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Resources • Provide access to current medicines information resources for the staff order 80 mg super levitra with visa erectile dysfunction drugs market, residents and health professionals buy discount super levitra 80mg erectile dysfunction pump hcpc. Sharing medicines • Never give medicine to anyone other than the person for whom it is labelled discount 80mg super levitra free shipping erectile dysfunction drugs don't work. Bulk supply • Bulk supply is only suitable for facilities with hospital certifcation. Medicines Care Guides for Residential Aged Care 15 Cytotoxic Medicines • Cytotoxic medicines have the ability to kill or slow the growth of living cells and are used to treat conditions such as cancer, rheumatoid arthritis and myeloproliferative disorders. The following cytotoxic medicines are sometimes prescribed for residents in residential aged care: • methotrexate Cytotoxic • hydroxyurea medicines • chlorambucil • cyclophosphamide • azathioprine • fuorouacil. Cytotoxic medicines should be stored in a locked cabinet, in a locked Storage medicine room, separate from other medicines. Medicines Care Guides for Residential Aged Care 17 Residents Self-Medicating There are many reasons why it might be preferable for residents to self-medicate (eg, to maintain autonomy or as part of a rehabilitation programme). As part of the assessment, it may be benefcial to ask the resident what they know about their medicines and conditions, which medicines are actually being taken and how they take them, and any benefcial and/or unwanted effects experiences they have had. Alternative medicines • Include over-the-counter, complementary, homeopathic, naturopathic, traditional and supplementary medicines on the medicines chart as these can sometimes cause side effects, adverse drug reactions and interactions. Monitoring and documentation • Identify on the medicines chart that the resident is self-medicating. Storage • Provide locked storage that is only accessible to the resident and authorised staff. Medicines management for facility leave • Document in the clinical fle who is taking responsibility for medicines management while resident is on leave. Medicines Care Guides for Residential Aged Care 19 Residents Self-Medicating – Factors to considerTher Use the following guide to assess a resident’s ability to self-medicate safely. If their ability is on the blue end of each indicator, they are likely to be able to self-medicate. However, if their ability for any indication is on the red section, the ability to self-medicate is questionable. Self-medication risk Low Medium High Medicine Minimal side effects/adverse effects Some adverse effects – Narrow therapeutic index, potentially not serious serious adverse effects Administration diffculty Topical/oral Subcutaneous/intramuscular/rectal/vaginal Intravenous infusion/pump Functional ability Independent/previous self-medication Some functional dependency Dependent Environment Own home/supported living Rest home/private hospital Hospital ward/intensive care unit Monitoring required Responses easily judged Simple questions/physical, cognitive assessment Complex monitoring and assessment Packaging/regimen complexity Unit dose packaging Simple regimen Moderately complex Complex regimen Medicines not (eg, blister-packed) Few changes regimen Frequent changes pre-packaged 20 Medicines Care Guides for Residential Aged Care Medicines Review Multidisciplinary team medicines review Assessment for Medicines reviews Resident and/or family Resident input Education for staff medicines review to be undertaken education/information Include: • On admission • Direct contact • Disease process Evidence-based practice • Goals of care • Every 3 months between reviewers • Medicines desired regarding medicines • Resident medicines • When health and resident/ effects/benefts used within the facility history status changes representative offers • Potential side including: • Allergies/sensitivities essential advantages. When stopping medicines, consider reducing them gradually as stopping medicines abruptly can cause unwanted effects. Consider stopping medicines that are Consider the appropriateness of medicines potentially inappropriate for the resident in light of: because of: • organ function (eg, renal /hepatic, tissue • development of an adverse effect/drug perfusion, nutritional status) interaction • electrolyte levels/hydration • inconsistency with current goals of therapy (eg, end of life care) • pharmacogenetic factors • the resident’s life expectancy • recent baseline observations, including body mass index and blood pressure • other co-morbidities. Consider starting preventative medicines that are consistent with the resident’s goals. Consider the possibility of: • medicine-disease interactions Prescription considerations • medicine-medicine interactions Consider the possibility that: • the resident is taking more of the medicine • medicine-food interactions than prescribed • compounded adverse effects • the resident is taking less than or none of • risks related to polypharmacy. The criteria are organised by organ system (eg, cardiovascular system, central nervous system, etc). Benzodiazepines, antipsychotic High risk of falls (> 1 fall in past These medicines adversely affect medicines (neuroleptics), frst- 3 months) those residents who are prone to generation antihistamines, falls. Loop diuretic for dependent ankle No clinical signs of heart failure Compression therapy may be more oedema appropriate. Loop diuretic Not appropriate as frst-line Safer, more effective alternatives treatment for hypertension are available. Aspirin and warfarin Without the use of histamine H2 Creates high risk of receptor antagonist or proton gastrointestinal bleeding. Alpha blockers In male clients with frequent Increased risk of increasing urinary incontinence (one or more frequency and worsening of incontinence episodes per day) incontinence. With clients that have long-term This medicine is not appropriate/ in-dwelling catheters (longer than indicated. Nebulised Ipratropium With history of glaucoma May cause exacerbation of glaucoma. Endocrine system Condition(s) Potential risk Glibenclamide or chlorpropamide With type 2 diabetes mellitus Increased risk of prolonged hypoglycaemia. Beta blockers With diabetes mellitus and Has the risk of masking frequent hypoglycaemia (one or hypoglycaemic symptoms. Regular opiates for more than With chronic constipation without Increased risk of severe 2 weeks use of concurrent laxatives constipation. Long-term opiates in those with Unless indicated for palliative care Increased risk of exacerbation of dementia of management of moderate to cognitive impairment. With moderate to severe Increased risk of exacerbation of hypertension hypertension. Long-term corticosteroid use As monotherapy for rheumatoid Risk of major systemic > 3 months arthritis or osteoarthritis corticosteroid side effects. Aspirin, clopidogrel, dipyridamole With a concurrent bleeding Creates a high risk of bleeding. Prescribed with opiate or calcium Increased risk of severe channel blocker constipation. Long-term (> 1 month) For long-term hypnotics Increased risk of confusion, antipsychotic medicines hypotension, falls, extrapyramidal (neuroleptics) side effects. To treat extrapyramidal side effects Increased risk of anticholinergic of neuroleptic medicines toxicity. Prolonged use (> 1 week) of frst- Increased risk of sedation and generation antihistamines anticholinergic side effects. In the treatment of severe infective Increased risk of exacerbation or gastroenteritis protraction or infection. Prochlorperazine or With Parkinsonism Increased risk of exacerbation of metoclopramide Parkinsonism. Anticholinergic antispasmodic Chronic constipation Increased risk of exacerbation of medicines constipation. However, the use of these medicines should be limited, closely monitored by the multidisciplinary team, and decreased or discontinued whenever possible. They will be able to give guidance on managing the behaviour, based on their experience. Antipsychotics are unlikely to be useful when: • the behaviour is intermittent • the behaviour is situation-specifc (eg, resisting showers vs resisting all care) • the behaviour is goal directed • there is apathy, wandering (we all need to walk about), calling out, mood disorder • loss of toileting skills or sexual behaviour in the wrong context. When the behaviour has settled and been maintained for three months, then slowly reduce medicine/dose by 25 percent every two weeks. If the behaviour is stable, there should still be a regular review with the goal of reducing the dose and stopping it eventually. Effect of new medicine on existing Commonly used high-risk medicines medicines All medicines have side effects, but some • New medicines can interact with medicines are particularly high risk for existing medicines and cause adverse adverse effects. Crushing these medicines may result in altered absorption or an unintended large bolus dose. Medicines labelled with the terms below are slow-release formulations or have Things to look for when new medicines special coatings and should not be crushed are prescribed without pharmacist advice.
Central Europe and the Near and Middle East/South- In recent years discount super levitra online american express erectile dysfunction what age does it start, seizures of cannabis herb in Turkey have West Asia buy generic super levitra on line erectile dysfunction drugs gnc, and the drop was partially offset by seizures followed a notable increasing trend purchase super levitra 80 mg on-line impotence cream, rising six-fold over a in North Africa. According to Turkish authorities,46 tends to be met by production occurring in relative the increase in cannabis trafficking was attributable to proximity to consumption, large quantities of cannabis illicit cultivation taking place in some rural parts of the resin are trafficked significant distances to reach con- country. Cannabis resin Europe and North Africa Global cannabis resin seizures reached a record of 1,648 Spain continued to report the largest annual seizures of mt in 2008, and in 2009 declined to 1,261 mt - a level cannabis resin worldwide. Every resin are trafficked from the source country of Morocco year from 2001 onwards, West and Central Europe, the to Spain, and on to other countries in Europe. Distribution Absolute values 100% 1,800 90% 1,600 80% 1,400 70% 60% 1,200 50% 1,000 40% 800 30% 600 20% 10% 400 0% 200 0 Near and Middle East/ South-West Asia Rest of the world Global total North Africa West & Central Europe West & Central Europe Near and Middle East /South-West Asia North Africa 45 This figure represents an aggregate of 624 kg of cannabis herb Rest of the world together with 11,042 seeds or bags, converted assuming a weight of half a gram per unit. In Algeria and Egypt, 500 200 seizures more than doubled in 2008, reaching a record 400 level of 38 mt in Algeria and a level of 12. Algeria reported that in 2009 cannabis 0 0 resin and cannabis herb in its territory originated entirely in Morocco. Quantity (mt) Seizure data and, to some extent, price data support the Number of seizures flow of cannabis resin from North Africa into western Europe via Spain. Apart from Spain, which reports the seizures of cannabis resin in Spain fell to 445 mt – the largest cannabis seizures in Europe by far, the largest lowest level since 1999 (431 mt) - while seizures in seizures among European countries in 2009 were Morocco rose from 114 mt in 2008 to 188 mt in 2009 reported by France and Portugal, followed by Italy and – the highest level on record. The decrease in seizures in Spain in 2009 was 2009, approximately one half of significant individual reflected in similar decreases in the four European coun- drug seizures reported by Spain involved cannabis resin. Seizures in However, Morocco is likely not the only source country Belgium have fluctuated considerably, amounting to for cannabis resin reaching Europe, and Spain assessed 18. In 2008, almost one half of cannabis resin cannabis resin in Pakistan originating seizures in the Americas were made by Canada (899 kg). Moreover, the traffick- 100 600 ing routes for cannabis resin reaching Canada appeared 90 to undergo significant changes. Canada identified the 500 Caribbean, North Africa and South-East Asia as the 80 70 origin for cannabis resin reaching its territory in 2008, 400 but these were replaced by Southern Africa and South- 60 West Asia in 2009. The United States also assessed that, 30 in 2008, cannabis resin was trafficked both to the United 20 100 States via Canada (from North Africa), and to Canada 10 via the United States (of Caribbean origin). Seizures of 0 0 cannabis resin in Mexico rose from 6 kg in 2007 to 297 kg in 2008 – the highest level since 1995. In Brazil, cannabis resin Quantity (tons) seizures tripled between 2006 and 2008, reaching the Number of seizures record level of 301 kg in 2008, but fell to 204 kg in 2009. Cannabis resin was further distributed from India to other destinations via cargo couriers. Near and Middle East/South-West Asia Seizures of cannabis resin in Pakistan rose for two years running, reaching 205 mt in 2009 – the highest level since 1995. Pakistan continued to assess the share of cannabis resin originating in Afghanistan at 98%. Over the period 1999-2009, 41% of significant individual drug seizures reported by Pakistan involved cannabis resin; the country of origin for these consignments was identified almost exclusively as Afghanistan. In the Islamic Republic of Iran, seizures of cannabis resin fell twice in succession, from the record level of 2007 (90 mt) to 69 mt in 2009. Based on data for the first nine months of the year, it appears that the decreas- ing trend continued into 2010. The Islamic Republic of Iran assessed that, in 2009, one quarter of cannabis resin trafficked on its territory was intended for the country itself, with the remainder intended for Arab countries, Turkey and Europe. Seizures in Afghanistan fell from the record level of 2008 (271 mt) to the relatively low level of 10. Neverthe- less, Canada has a significant consumer market for can- 200 The cannabis market Fig. Figures in brackets represent the upper and lowest and highest provincial price observed. Myanmar, reported eradication of opium poppy by region (ha), 2006-2010 Region 2006 2007 2008 2009 2010 East Shan 32 1,101 1,249 702 868 North Shan 76 916 932 546 1,309 South Shan 3,175 1,316 1,748 1,466 3,138 Shan State total 3,283 3,333 3,929 2,714 5,316 Kachin 678 189 790 1,350 2,936 Kayah 0 12 12 14 13 Total within the surveyed area 3,961 3,534 4,731 4,078 8,265 Magwe 0 45 0 1 1 Chin 0 10 86 5 2 Mandalay Sagaing Other states 9 64 0 0 0 Total (national) 3,970 3,598 4,820 4,087 8,268 25 The estimates in Kayah for 2008 and 2009 are not directly compara- ble due to a change in methodology. For the calculation of coca 29 Takes into account all coca leaf produced, irrespective of its use. The boundaries and names shown and the designations used on this map do not imply official endorsement or acceptance by United Nations. Aggregation of subregional estimates rolled-up into government reports and scientific literature were also regional results to arrive at global estimates. Assessing the extent of drug use (the number of drug In cases of estimates referring to previous years, the users) is a particularly difficult undertaking because it prevalence rates were left unchanged and applied to new involves measuring the size of a ‘hidden’ population. Currently, only Margins of error are considerable, and tend to increase two countries measure drug prevalence among the gen- as the scale of estimation is raised, from local to national, eral population on an annual basis. Regional and global estimates countries that regularly measure it - typically the more are reported as ranges to reflect the information gaps. Identiﬁcation of key benchmark ﬁgures for the level of countries in Oceania and a limited number of countries drug use in all countries where data are available (an- in Asia and Africa. One key problem in national data is nual prevalence of drug use among the general popu- the level of accuracy, which varies strongly from country lation aged 15-64) which then serve as ‘anchor points’ to country. Not all estimates are based on sound epide- for subsequent calculations; miological surveys. In some cases, the estimates simply reflect the aggregate number of drug users found in drug 3. Even in cases where the World Drug Report (for example, from age group detailed information is available, there is often consider- 12 and above to a standard age group of 15-64) ; able divergence in definitions used, such as chronic or 4. Adjustments of national indicators to estimate an an- regular users; registry data (people in contact with the nual prevalence rate if such a rate is not available (for treatment system or the judicial system) versus survey example, by using the lifetime prevalence or current data (usually extrapolation of results obtained through use rates; or lifetime or annual prevalence rates among interviews of a selected sample); general population the student population). Tis includes the identiﬁca- versus specific surveys of groups in terms of age (such as tion of adjustment factors based on information from school surveys), special settings (such as hospitals or neighbouring countries with similar cultural, social prisons), et cetera. Imputation for countries where data is not available, aggregating such diverse estimates, an attempt has been based on data from countries in the same subregion. All available estimates were transformed 90th percentile of the subregional distribution; into one single indicator – annual prevalence among the general population aged 15 to 64 - using transformation 6. Extrapolation of available results for a subregion were ratios derived from analysis of the situation in neigh- calculated only for subregions where prevalence esti- bouring countries, and if such data were not available, mates for at least two countries covering at least 20% using global average estimates. If, due to a lack of that though the level of drug use differs between coun- data, subregional estimates were not extrapolated, a tries, there are general patterns (for example, lifetime regional calculation was extrapolated based on the prevalence is higher than annual prevalence; young 10th and 90th percentile of the distribution of the people consume more drugs than older people; males data available from countries in the region. For example, it is generally accepted that nation- rates than the general population, et cetera) which apply ally representative household surveys are reasonably to most countries. Thus, household survey results were usu- among the general population, except for emerging drug ally given priority over other sources of prevalence esti- trends, do not vary greatly among countries with similar mates. It is also part of the Lisbon number of ‘indirect’ methods have been developed to Consensus on core epidemiological demand indicators provide estimates for this group of drug users, including which has been endorsed by the Commission on Nar- benchmark and multiplier methods (benchmark data cotic Drugs. Drug consumption among the youth population countries where there was evidence that the primary (prevalence and incidence); ‘problem drug’ was opiates, and an indirect estimate existed for ‘problem drug use’ or injecting drug use, this 3. High-risk drug use (number of injecting drug users was preferred over household survey estimates of heroin and the proportion engaged in high-risk behaviour, use.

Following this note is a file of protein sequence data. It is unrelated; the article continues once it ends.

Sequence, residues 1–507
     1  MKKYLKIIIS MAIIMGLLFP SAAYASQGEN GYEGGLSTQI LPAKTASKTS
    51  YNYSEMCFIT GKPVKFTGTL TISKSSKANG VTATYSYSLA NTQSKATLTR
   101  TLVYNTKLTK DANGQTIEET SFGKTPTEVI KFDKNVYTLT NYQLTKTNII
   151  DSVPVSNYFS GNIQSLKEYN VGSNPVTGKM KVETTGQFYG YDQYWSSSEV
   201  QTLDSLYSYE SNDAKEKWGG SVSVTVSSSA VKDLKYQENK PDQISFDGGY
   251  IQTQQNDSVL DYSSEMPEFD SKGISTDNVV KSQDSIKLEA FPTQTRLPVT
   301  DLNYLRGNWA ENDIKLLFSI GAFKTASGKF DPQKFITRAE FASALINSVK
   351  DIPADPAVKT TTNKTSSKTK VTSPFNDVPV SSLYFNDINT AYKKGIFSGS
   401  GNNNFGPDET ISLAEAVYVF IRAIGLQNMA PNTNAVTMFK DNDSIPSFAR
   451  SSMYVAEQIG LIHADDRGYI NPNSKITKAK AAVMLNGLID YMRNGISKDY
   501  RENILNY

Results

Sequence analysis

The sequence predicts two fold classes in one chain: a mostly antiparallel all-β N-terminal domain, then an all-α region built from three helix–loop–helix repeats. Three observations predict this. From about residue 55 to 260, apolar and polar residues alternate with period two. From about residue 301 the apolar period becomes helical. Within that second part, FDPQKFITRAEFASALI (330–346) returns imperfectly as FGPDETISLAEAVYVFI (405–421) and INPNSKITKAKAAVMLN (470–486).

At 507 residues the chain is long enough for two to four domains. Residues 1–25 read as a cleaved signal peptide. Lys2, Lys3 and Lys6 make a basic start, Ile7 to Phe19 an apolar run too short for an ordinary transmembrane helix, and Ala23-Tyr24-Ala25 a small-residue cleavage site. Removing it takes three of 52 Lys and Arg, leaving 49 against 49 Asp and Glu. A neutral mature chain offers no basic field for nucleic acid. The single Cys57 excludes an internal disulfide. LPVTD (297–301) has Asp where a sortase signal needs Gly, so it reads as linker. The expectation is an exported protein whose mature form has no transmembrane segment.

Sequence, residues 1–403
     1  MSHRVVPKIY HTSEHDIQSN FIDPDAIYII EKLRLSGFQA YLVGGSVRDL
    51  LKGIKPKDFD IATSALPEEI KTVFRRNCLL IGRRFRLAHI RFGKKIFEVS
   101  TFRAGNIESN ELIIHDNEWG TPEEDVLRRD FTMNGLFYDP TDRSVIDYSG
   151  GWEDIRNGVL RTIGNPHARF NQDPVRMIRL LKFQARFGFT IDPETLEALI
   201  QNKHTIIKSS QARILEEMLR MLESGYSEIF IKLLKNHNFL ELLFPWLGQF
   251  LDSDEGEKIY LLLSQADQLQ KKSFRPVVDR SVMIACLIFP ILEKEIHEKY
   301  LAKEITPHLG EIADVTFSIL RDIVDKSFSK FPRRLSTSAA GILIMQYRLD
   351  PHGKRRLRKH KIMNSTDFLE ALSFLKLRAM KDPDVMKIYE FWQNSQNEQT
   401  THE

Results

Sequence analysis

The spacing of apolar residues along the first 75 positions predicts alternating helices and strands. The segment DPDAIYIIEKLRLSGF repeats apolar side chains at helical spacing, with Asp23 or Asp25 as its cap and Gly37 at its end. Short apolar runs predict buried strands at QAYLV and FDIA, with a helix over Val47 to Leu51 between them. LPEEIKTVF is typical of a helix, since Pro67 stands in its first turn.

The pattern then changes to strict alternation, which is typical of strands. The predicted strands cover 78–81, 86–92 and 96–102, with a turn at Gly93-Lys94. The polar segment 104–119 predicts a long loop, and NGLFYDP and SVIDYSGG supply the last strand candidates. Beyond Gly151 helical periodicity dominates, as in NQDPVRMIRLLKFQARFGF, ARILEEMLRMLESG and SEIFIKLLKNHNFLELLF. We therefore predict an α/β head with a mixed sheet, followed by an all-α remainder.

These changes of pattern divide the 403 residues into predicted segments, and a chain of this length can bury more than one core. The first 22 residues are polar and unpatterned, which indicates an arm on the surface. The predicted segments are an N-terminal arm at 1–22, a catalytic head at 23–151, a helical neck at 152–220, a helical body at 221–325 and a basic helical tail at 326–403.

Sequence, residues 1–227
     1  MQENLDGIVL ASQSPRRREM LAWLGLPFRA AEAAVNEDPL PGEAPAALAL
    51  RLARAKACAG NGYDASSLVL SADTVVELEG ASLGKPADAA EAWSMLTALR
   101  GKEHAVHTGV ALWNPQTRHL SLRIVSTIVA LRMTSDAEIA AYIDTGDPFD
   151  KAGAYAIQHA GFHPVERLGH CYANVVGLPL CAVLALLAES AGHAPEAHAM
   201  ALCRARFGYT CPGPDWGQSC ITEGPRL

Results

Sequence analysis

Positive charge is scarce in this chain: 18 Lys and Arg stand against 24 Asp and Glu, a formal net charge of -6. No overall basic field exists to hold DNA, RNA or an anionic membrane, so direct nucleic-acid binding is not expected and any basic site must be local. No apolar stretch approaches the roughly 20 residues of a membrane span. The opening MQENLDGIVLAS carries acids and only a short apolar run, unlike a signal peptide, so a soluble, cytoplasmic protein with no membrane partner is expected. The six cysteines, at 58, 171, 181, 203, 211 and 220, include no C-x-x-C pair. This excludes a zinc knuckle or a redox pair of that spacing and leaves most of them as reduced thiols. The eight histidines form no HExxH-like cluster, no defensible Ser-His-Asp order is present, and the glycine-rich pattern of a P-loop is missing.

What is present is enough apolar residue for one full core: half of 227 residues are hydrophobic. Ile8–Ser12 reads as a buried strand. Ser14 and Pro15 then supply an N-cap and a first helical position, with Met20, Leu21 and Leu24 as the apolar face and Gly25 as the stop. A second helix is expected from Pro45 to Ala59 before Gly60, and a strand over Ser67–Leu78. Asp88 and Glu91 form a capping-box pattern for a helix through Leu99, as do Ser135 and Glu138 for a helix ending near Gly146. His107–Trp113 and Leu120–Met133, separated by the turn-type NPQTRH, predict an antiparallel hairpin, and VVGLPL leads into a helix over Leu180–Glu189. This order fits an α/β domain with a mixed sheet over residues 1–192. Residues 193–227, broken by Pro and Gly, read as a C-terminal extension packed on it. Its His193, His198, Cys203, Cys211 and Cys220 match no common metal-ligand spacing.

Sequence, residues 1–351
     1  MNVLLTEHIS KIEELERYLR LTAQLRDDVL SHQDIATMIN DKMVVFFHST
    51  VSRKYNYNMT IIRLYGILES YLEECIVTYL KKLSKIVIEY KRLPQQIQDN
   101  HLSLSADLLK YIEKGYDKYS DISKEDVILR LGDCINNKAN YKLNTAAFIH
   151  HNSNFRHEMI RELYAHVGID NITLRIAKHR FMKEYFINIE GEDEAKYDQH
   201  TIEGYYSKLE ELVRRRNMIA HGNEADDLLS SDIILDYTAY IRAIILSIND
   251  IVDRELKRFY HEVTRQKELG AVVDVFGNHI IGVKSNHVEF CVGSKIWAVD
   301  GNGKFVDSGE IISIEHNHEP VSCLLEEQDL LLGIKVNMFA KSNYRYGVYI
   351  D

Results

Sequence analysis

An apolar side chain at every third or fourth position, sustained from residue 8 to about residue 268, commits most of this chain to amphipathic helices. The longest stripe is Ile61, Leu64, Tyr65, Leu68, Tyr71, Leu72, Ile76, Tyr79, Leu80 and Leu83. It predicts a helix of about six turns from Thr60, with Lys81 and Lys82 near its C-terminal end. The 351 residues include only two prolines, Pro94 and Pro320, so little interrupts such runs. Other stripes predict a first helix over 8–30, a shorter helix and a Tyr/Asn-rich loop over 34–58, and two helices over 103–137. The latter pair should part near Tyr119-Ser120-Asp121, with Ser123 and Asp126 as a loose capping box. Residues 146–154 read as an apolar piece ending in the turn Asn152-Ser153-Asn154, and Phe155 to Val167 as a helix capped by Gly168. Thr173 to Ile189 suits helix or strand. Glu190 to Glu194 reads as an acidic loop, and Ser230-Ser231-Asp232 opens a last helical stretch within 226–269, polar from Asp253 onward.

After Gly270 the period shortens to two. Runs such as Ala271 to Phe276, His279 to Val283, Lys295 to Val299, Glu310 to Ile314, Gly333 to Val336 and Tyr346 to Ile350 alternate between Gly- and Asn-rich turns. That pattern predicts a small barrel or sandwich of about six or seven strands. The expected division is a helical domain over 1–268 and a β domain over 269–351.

The “nr = not reported due to measurement issues” notation indicates that the estimate could be calculated based on available data but is not calculated due to potential measurement issues cheap super levitra 80mg free shipping erectile dysfunction 30s. Illicit drug use includes the misuse of prescription psychotherapeutics or the use of marijuana discount super levitra 80mg visa erectile dysfunction which doctor to consult, cocaine (including crack) purchase super levitra with visa erectile dysfunction jacksonville florida, heroin, hallucinogens, inhalants, or methamphetamine. As of June 2016, 25 states and the District of Columbia have legalized medical marijuana use. Four states have legalized retail marijuana sales; the District of Columbia has legalized personal use and home cultivation (both medical and recreational). Misuse of prescription-type psychotherapeutics includes the nonmedical use of pain relievers, tranquilizers, stimulants, or sedatives and does not include over-the-counter drugs. Estimates of misuse of psychotherapeutics and stimulants do not include data from new methamphetamine items added in 2005 and 2006. Illicit drugs include marijuana/hashish, cocaine (including crack), heroin, hallucinogens, inhalants, or prescription psychotherapeutics used non-medically. Nonmedical use of prescription psychotherapeutics includes the nonmedical use of pain relievers, tranquilizers, stimulants, or sedatives. Individuals with substance use disorders have elevated rates of substance misuse– related health and social problems and costs, but as shown in the last columns of Table 1. For example, binge drinking at least once during the past month was self-reported by over 66 million individuals. By defnition, those episodes have the potential for producing harm to the user and/ or to those around them, through increases in motor vehicle crashes, violence, and alcohol-poisonings. Illicit drugs include marijuana/hashish, cocaine (including crack), heroin, hallucinogens, inhalants, or misuse of prescription- type psychotherapeutics, including data from original methamphetamine questions but not including new methamphetamine items added in 2005 and 2006. In fact, greater impact is likely to be achieved by reducing substance misuse in the general population—that is, among people who are not addicted—than among those with severe substance use problems. Of course, efforts to reduce general population rates of substance use and misuse are also likely to reduce rates of substance use disorders, because substance use disorders typically develop over time following repeated episodes of misuse (often at escalating rates) that result in the progressive changes to brain circuitry that underlie addiction. Costs and Impact of Substance Use and Misuse Alcohol misuse, illicit drug use, misuse of medications, and substance use disorders are estimated to cost the United States more than $400 billion in lost workplace productivity (in part, due to premature mortality), health care expenses, law enforcement and other criminal justice costs (e. A 2010 study examined the global burden of disability attributable to substance misuse problems and disorders, focusing particularly on lost ability to work and years of life lost to premature mortality. In addition to the costs to society, substance misuse can have many direct and indirect health and personal consequences for individuals. The direct effects on the user depend on the specifc substances used, how much and how often they are used, how they are taken (e. Acute effects can range from changes in mood and basic body functions, such as heart rate or blood pressure, to overdose and death. Alcohol misuse and drug use can also have long-term effects on physical and mental health and can lead to substance use disorders. For example, drug use is associated with chronic pain conditions and cardiovascular and cardiopulmonary diseases. Use of some drugs, such as cocaine, during pregnancy may also lead to premature birth or miscarriage. In addition, substance use during pregnancy may interfere with a child’s brain development and result in later consequences for mental functioning and behavior. These consequences can all contribute to the spectrum of public health consequences of substance misuse and need to be considered both independently and collectively when developing and implementing clinical and public health interventions. Substance misuse problems can also result in other serious and sometimes fatal health problems and extraordinary costs; they may also lead to unexpected death from other causes. Three examples of these serious, sometimes lethal, problems related to substance misuse are highlighted below. Driving Under the Infuence In 2014, 9,967 people were killed in motor vehicle crashes while driving under the infuence of alcohol, representing nearly one third (31 percent) of all trafc-related fatalities in the United States. Many individuals should not consume alcohol, including individuals who are taking certain over-the-counter or prescription medications or who have certain medical conditions, those who are recovering from an alcohol use disorder or are unable to control the amount they drink, and anyone younger than age 21 years. In addition, drinking during pregnancy may result in negative behavioral or neurological consequences in the offspring. Drug Overdose (Illicit and Prescription Drugs) 1 Opioid analgesic pain relievers are now the most prescribed class of medications in the United States, with more than 289 million prescriptions written each year. Over-prescription of prescriptions of opioid pain relievers has been accompanied powerful opioid pain relievers beginning in the 1990s led to a rapid escalation by dramatic increases in misuse (Table 1. Heroin overdoses were more7 people dying from opioid overdoses than fve times higher in 2014 (10,574) then ten years before soared—increasing nearly four-fold between 1999 and 2014. Additionally, rates of cocaine overdose were higher in 2014 than in the previous six years (5,415 deaths 1 from cocaine overdose). In 2014, there were 17,465 overdoses from illicit drugs and 25,760 overdoses from prescription drugs. Illicit fentanyl, for example, is often combined with heroin or counterfeit prescription drugs or sold as heroin, and may be contributing to recent increases in drug overdose deaths. A recent national survey found that 22 percent of women and 14 percent of men reported experiencing severe physical violence from an intimate partner in their lifetimes. In addition to evidence from the criminal justice arena, recent systematic reviews have found that substance use is both a risk factor for and a consequence of intimate partner violence. Vulnerability to Substance Misuse Problems and Disorders Risk and Protective Factors: Keys to Vulnerability Substance misuse problems and substance use disorders are not inevitable. An individual’s vulnerability may be partly predicted by assessing the nature and number of their community, caregiver/family, and individual-level risk and protective factors. Caregiver/family-level risk factors See Chapter 3 - Prevention Programs include low parental monitoring, a family history of substance and Policies. At the individual level, major risk factors include current mental disorders, low involvement in school, a history of abuse and neglect, and a history of substance use during adolescence, among others. First, no single individual or community-level factor determines whether an individual will develop a substance misuse problem or disorder. Third, although substance misuse problems and disorders may occur at any age, adolescence and young adulthood are particularly critical at- See Chapter 2 - The Neurobiology of risk periods. Research now indicates that the majority of those Substance Use, Misuse, and Addiction. This area of the brain is one of the most affected regions in a substance use disorder. Therefore, it is important to focus on prevention of substance misuse across the lifespan as well as the prevention of substance use disorders. Diagnosing a Substance Use Disorder Changes in Understanding and Diagnosis of Substance Use Disorders Repeated, regular misuse of any of the substances listed in Figure 1. Severe substance use disorders are characterized by compulsive use of 1 substance(s) and impaired control of substance use. Substance use disorder diagnoses are based on criteria specifed in the American Psychiatric Association’s Diagnostic and Statistical Misuse versus Abuse. Much of the substance use uses the term substance misuse, a term disorder data included in this Report is based on defnitions that is roughly equivalent to substance abuse.